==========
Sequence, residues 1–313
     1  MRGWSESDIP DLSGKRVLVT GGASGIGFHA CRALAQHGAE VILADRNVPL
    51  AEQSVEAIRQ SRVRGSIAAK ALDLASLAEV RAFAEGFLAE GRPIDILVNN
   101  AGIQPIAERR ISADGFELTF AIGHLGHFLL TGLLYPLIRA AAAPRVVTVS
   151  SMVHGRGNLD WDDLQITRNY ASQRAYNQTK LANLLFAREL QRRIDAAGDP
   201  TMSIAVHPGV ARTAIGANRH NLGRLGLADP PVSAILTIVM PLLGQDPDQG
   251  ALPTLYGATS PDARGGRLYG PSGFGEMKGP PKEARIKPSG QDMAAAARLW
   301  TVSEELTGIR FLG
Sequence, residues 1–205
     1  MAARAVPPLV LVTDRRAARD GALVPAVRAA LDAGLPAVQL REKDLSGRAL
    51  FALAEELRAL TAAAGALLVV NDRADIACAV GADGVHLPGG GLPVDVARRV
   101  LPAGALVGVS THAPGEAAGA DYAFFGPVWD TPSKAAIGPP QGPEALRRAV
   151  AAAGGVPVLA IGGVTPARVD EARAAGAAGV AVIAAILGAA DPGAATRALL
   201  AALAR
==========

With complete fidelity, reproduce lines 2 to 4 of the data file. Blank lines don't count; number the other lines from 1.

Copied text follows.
     1  MRGWSESDIP DLSGKRVLVT GGASGIGFHA CRALAQHGAE VILADRNVPL
    51  AEQSVEAIRQ SRVRGSIAAK ALDLASLAEV RAFAEGFLAE GRPIDILVNN
   101  AGIQPIAERR ISADGFELTF AIGHLGHFLL TGLLYPLIRA AAAPRVVTVS